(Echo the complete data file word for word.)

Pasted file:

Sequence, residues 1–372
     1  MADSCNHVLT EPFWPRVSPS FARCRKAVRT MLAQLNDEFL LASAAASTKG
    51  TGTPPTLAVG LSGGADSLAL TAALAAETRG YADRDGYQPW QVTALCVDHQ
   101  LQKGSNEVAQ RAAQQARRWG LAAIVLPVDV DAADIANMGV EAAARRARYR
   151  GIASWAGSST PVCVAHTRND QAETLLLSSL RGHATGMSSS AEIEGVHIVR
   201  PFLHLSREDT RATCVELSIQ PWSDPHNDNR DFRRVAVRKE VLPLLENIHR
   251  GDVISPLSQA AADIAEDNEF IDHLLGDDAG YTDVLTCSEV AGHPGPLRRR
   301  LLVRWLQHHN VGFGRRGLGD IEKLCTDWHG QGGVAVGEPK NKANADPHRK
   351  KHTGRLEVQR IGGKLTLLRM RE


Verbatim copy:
Sequence, residues 1–372
     1  MADSCNHVLT EPFWPRVSPS FARCRKAVRT MLAQLNDEFL LASAAASTKG
    51  TGTPPTLAVG LSGGADSLAL TAALAAETRG YADRDGYQPW QVTALCVDHQ
   101  LQKGSNEVAQ RAAQQARRWG LAAIVLPVDV DAADIANMGV EAAARRARYR
   151  GIASWAGSST PVCVAHTRND QAETLLLSSL RGHATGMSSS AEIEGVHIVR
   201  PFLHLSREDT RATCVELSIQ PWSDPHNDNR DFRRVAVRKE VLPLLENIHR
   251  GDVISPLSQA AADIAEDNEF IDHLLGDDAG YTDVLTCSEV AGHPGPLRRR
   301  LLVRWLQHHN VGFGRRGLGD IEKLCTDWHG QGGVAVGEPK NKANADPHRK
   351  KHTGRLEVQR IGGKLTLLRM RE